This article was originally featured in the July/Aug 2015 issue of Dancetrain magazine.
As physios we spend far more time encouraging dancers to work with their body type, rather than discouraging the continuation of dance due to physical impediment. In fact, physically, there are few instances when a dancer truly needs to consider an alternate career path as a result of their anatomical make up. Issues of a dancer’s turnout, or flexibility can become obsessions that detract from a dancer’s ability to portray a love of dance and freedom of expression in their art. Arguably this enjoyment of dance makes a dancer far more thrilling to watch than does any physical attribute.
In saying this, a dancer’s health is an important consideration in any decision regarding choosing dance as a career. If a dancer’s physical or mental health is being sacrificed for the continuation of their dancing, the decision to continue dancing should be carefully evaluated.
Situations where a dancer may need to consider a different career path:
The Female Athlete Triad
Extremely low body weight associated with poor nutritional intake, in combination with loss of menstruation (or significantly delayed onset of menarche (periods), can be seriously detrimental to bone health. In the short term it can present as stress fractures in various bones, and in the long term it can lead to osteoporosis (a condition where bones become low in bone mineral density). This effect is known as the female athlete triad. Dancing does not lead to this condition, however, if a dancer is dancing for many hours per week, they have a higher energy requirement than they would if they were inactive. The problem is the low energy intake (not getting enough nutrients through food), not the dancing, however in some cases the dancer may need to reduce the amount of dancing in order to restore the energy imbalance.
It is important to note that in general, weightbearing exercise such as dancing is extremely beneficial to bone health. Adolescents who engage in weightbearing activity throughout their growing years are helping to develop strong bones for life. It is only in the rare situation where dietary intake is low enough to affect normal menstruation, that changes to physical exercise may become necessary. If you are concerned about this, talk to your GP.
Limited ankle range into pointe
For the classical ballet dancer, 180° of ankle range into the pointe position is required in order to dance safely en pointe. Occasionally, a dancer’s normal bony anatomy may prevent this range. They may have an enlarged bone that causes pinching at the back of the ankle, or they may have an extra bone called an os trigonum that blocks their ankle range. Some dancers can compensate for minor restrictions in ankle range if they have greater than average knee extension. Others will find that this restriction makes it difficult to dance en pointe. Limited ankle range en pointe means there is increased risk for tendinopathy and impingement at the back of the ankle joint. Sometimes, physiotherapy and stretching can improve ankle range to a level where dancing en pointe is possible, however in cases where range remains restricted, a move away from classical ballet into other dance forms may be warranted.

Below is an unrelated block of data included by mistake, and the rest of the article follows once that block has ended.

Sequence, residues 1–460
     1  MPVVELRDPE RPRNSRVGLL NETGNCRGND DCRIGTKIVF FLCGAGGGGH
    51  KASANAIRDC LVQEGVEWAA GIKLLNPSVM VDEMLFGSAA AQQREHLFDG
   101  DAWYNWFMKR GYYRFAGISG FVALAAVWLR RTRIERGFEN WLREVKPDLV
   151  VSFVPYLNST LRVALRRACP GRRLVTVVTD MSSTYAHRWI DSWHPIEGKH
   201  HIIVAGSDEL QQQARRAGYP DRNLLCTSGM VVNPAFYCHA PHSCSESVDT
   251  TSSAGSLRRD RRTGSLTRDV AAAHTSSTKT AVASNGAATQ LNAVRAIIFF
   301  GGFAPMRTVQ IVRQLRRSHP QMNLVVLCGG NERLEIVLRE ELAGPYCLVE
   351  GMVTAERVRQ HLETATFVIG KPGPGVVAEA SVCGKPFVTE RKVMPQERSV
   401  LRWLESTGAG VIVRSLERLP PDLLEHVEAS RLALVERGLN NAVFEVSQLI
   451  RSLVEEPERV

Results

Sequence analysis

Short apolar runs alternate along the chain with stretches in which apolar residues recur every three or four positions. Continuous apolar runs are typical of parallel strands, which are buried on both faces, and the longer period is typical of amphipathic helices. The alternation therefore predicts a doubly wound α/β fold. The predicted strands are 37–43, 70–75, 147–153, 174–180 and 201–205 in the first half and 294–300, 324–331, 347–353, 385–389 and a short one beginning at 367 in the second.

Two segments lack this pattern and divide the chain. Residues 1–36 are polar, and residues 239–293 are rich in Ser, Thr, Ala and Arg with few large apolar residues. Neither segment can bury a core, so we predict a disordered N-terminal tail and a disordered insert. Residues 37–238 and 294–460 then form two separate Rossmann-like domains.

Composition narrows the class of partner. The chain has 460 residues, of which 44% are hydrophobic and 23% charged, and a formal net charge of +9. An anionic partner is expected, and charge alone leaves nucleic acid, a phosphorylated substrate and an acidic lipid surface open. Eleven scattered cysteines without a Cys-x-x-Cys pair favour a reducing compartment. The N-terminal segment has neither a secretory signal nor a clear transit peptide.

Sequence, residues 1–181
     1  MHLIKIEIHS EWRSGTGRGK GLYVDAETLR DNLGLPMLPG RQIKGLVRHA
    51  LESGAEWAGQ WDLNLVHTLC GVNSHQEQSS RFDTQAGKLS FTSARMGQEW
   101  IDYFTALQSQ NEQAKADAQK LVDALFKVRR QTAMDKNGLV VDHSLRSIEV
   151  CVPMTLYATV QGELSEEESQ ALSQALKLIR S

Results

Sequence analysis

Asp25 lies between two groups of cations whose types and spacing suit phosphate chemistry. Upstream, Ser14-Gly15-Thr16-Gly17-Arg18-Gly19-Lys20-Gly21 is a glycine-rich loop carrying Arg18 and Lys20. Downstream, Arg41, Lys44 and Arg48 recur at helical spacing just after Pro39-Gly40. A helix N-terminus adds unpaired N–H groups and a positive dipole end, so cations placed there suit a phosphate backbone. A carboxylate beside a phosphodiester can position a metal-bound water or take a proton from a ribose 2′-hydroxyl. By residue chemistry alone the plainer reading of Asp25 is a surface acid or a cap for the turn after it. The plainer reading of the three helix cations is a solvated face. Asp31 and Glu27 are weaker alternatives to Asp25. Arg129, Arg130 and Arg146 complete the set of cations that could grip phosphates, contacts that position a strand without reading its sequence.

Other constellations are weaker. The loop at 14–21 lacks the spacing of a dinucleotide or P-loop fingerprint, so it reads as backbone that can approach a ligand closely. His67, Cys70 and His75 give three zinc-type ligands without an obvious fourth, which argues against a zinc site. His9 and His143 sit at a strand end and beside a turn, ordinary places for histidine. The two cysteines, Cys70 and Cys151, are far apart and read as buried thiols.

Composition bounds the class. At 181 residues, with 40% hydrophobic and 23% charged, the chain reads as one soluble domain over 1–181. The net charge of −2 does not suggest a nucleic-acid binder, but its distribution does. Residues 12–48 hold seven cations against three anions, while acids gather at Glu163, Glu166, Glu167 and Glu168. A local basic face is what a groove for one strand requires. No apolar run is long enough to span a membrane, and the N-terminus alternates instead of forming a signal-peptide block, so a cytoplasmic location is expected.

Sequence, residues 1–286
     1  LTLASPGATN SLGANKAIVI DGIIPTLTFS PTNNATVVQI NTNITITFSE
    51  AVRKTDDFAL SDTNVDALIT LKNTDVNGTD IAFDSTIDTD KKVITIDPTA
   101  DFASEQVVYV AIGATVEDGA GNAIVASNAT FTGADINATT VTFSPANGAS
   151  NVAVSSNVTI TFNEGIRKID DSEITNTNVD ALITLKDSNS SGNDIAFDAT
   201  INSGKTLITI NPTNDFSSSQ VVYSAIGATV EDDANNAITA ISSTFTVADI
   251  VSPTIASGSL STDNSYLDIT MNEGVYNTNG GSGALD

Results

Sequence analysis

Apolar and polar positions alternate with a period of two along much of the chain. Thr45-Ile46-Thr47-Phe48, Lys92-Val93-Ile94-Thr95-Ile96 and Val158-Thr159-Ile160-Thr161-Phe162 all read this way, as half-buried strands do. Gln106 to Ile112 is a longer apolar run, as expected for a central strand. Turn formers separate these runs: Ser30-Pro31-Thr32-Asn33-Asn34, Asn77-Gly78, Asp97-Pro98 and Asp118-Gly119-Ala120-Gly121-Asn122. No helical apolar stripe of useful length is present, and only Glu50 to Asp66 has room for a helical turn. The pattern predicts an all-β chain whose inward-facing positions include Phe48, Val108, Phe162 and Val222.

What about turnout?
A dancer needs to be able to rotate their leg outward from the hip in order to lift their leg sideways into impressive ranges. Try lifting your leg as far as you can sideways while keeping your toes pointing forwards … it doesn’t go very far does it! We are all born with differences in our pelvic and hip bony anatomy, and some of us are blessed with more natural turnout than others. Many dancers will reach an unchangeable bony limitation to their turnout that prevents them from getting as much turnout as they might like. So how much turnout is enough? The answer to this question is variable. Certainly in classical ballet a minimum of 40° of turnout at the hip is often suggested to be necessary. However as physios we often see extremely talented dancers who have learnt to utilise their limited turnout ranges and achieve quite stunning results. It is more important to know how to work within your available turnout, and to avoid ‘forcing turnout’ (ie – twisting your feet outward beyond the range of your hips), than it is to have excellent turnout to start with. Strengthening your deep buttock muscles, keeping your knees over your second toes when you plie, and knowing how to dance safely within the turnout range that you were born with, is the key.
It is important as a dancer to know your body, and to never push through real, physical pain with any dance form. Most of the time what you might see as a physical limitation to your dancing can be addressed with a focus on technique, and perhaps with the assistance of physiotherapy to work out why limitations are occurring in the first place.